Antioxidants are celebrated for a whole host of health benefits but one recent study may have unearthed a new and surprising application for one antioxidant hero.

Read more in this week’s Nutrition News here.

Is astaxanthin the key to sport recovery?

Antioxidants are thought to support the body against oxidation, which can lead to inflammation and injury after exercise. One study, reported by Natural Products Insider, found that astaxanthin was more effective and showed more relative antioxidant activity than over 20 other well-known antioxidants.

Muscle tissue can become damaged after exercise as a result of the free radicals and other reactive oxygen species that can cause stress and inflammation. Antioxidants, like astaxanthin, can neutralise these free radicals, positively impacting the recovery process after exercise.

According to the article, there is building research of the potential benefits and applications of astaxanthin in sports nutrition. Other studies cited in the article hint at the antioxidant’s possible role in strength endurance, aiding sportspeople to train for longer, with reduced recovery times.

Astaxanthin can be obtained through diet by eating salmon, which is astaxanthin rich due to the salmon’s diet of algae-eating krill, or through supplementation, usually in astaxanthin soft gel or capsule form.

Study links vitamin E with reduced cognitive decline

Vitamin E is widely recognised as an important vitamin for skin health support but a recent study has extended its perceived health benefits to potentially include brain health.

The study, which was reported by NutraIngredients, found an association between a diet rich in vitamin E and carotenoids and healthy cognitive function. Looking at over 1250 participants in the Healthy Ageing in Neighbourhoods of Diversity across the Life Span (HANDLS) study, researchers evaluated the impact of oxidative stress on the brain and whether antioxidants could have a positive effect.

A consistent synergism between carotenoids and vitamin E in relation to baseline cognitive performance in verbal memory, verbal fluency, attention, working memory, and executive function was found.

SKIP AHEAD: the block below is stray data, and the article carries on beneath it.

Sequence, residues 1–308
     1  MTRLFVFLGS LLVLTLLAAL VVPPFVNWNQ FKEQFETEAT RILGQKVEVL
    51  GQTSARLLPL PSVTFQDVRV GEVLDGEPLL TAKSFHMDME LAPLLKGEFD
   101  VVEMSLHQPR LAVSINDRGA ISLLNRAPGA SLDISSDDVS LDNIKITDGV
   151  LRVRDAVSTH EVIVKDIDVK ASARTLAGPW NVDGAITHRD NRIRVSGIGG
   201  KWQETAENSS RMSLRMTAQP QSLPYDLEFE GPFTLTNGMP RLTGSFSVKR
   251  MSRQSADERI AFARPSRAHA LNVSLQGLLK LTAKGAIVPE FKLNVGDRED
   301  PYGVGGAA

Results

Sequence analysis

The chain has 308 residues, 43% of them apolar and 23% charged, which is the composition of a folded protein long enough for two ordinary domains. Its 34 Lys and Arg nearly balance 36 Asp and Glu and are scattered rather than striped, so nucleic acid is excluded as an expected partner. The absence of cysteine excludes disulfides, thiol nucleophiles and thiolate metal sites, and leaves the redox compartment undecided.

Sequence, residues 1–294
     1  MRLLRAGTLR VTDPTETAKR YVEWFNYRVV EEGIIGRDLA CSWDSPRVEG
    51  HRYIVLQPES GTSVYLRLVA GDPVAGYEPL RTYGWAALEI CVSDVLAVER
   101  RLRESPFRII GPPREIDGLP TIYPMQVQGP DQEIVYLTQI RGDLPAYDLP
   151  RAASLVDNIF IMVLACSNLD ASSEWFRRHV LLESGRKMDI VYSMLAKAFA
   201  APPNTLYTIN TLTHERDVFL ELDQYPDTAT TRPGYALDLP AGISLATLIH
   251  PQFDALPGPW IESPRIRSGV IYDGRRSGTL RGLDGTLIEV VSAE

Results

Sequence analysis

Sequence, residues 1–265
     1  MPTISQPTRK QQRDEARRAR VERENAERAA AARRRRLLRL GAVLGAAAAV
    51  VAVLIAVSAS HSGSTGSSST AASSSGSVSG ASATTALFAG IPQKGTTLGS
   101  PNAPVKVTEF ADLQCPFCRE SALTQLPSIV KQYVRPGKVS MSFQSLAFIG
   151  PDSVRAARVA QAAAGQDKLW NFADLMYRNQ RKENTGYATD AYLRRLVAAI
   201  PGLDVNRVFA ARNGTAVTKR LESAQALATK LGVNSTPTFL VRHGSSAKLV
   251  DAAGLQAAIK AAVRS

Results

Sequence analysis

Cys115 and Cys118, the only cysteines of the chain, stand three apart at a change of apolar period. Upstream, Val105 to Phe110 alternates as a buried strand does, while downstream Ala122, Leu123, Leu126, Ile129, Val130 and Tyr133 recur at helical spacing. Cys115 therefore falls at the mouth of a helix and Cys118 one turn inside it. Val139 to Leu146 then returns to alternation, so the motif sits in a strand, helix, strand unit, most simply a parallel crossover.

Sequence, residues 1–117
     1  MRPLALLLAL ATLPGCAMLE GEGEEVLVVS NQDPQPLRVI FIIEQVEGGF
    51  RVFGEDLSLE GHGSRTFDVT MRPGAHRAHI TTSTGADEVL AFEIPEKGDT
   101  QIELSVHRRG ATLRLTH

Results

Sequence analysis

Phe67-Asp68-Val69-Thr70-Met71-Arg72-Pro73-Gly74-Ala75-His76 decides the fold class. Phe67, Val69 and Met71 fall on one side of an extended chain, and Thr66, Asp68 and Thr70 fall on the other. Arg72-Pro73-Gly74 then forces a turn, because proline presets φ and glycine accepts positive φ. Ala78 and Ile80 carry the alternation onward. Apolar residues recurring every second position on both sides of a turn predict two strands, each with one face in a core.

While the results are promising, the study’s authors stress that the research shows partial evidence to the effects of vitamin E and carotenoids on brain health support and that further studies are needed.

Examine’s guide to testosterone

Normal testosterone levels are hugely important for men’s health but not many people are aware of the huge variety of factors that can affect testosterone levels. This guide by Examine evaluates some of the main factors and what men can do to help maintain healthy levels.

While women also need testosterone in small amounts, for men, low levels could lead to low libido, mood and developing metabolic syndrome. Few people are aware that diet could have a huge role in maintaining good testosterone levels with magnesium, zinc, and vitamin D all playing a part.

Testosterone naturally decreases with age, although there is some disagreement as to why this is, some put it down to a result of the ageing process whereas others believe it is due to lifestyle factors changing as we age, where we might spend less time exercising and focussing on our appearance and more time working and being with family. Some men don’t experience any symptoms of reduced testosterone but, for those that do, maintaining a healthy weight, exercising without overtraining, and ensuring a varied diet with enough vitamins and minerals are ways of maintaining healthy testosterone levels.

Symptoms of low testosterone levels include feeling lethargic and having low mood and, to make matters worse, these symptoms can quickly turn into causes of low testosterone levels, where you may become overweight and stressed, making the problem worse. However, by recognising these symptoms and seeking the advice of a healthcare practitioner, dietary and lifestyle changes can be easily made to improve these levels.

Share your thoughts

Agree with the findings in this week’s Nutrition News? Share your thoughts with us on Facebook and Twitter.

Alison Astill-Smith author Alison is Director and Founder of Metabolics who writes about Metabolics updates, events and natural healthcare. Her experience and passion for natural supplements and healthcare comes from her years of experience as a practising osteopath, having founded Metabolics in her search for high quality, natural products in her own work. Alison has been a qualified and practising Osteopath since 1981 and regularly gives seminars on a range of healthcare subjects to the wider practitioner community helping share her knowledge and experience.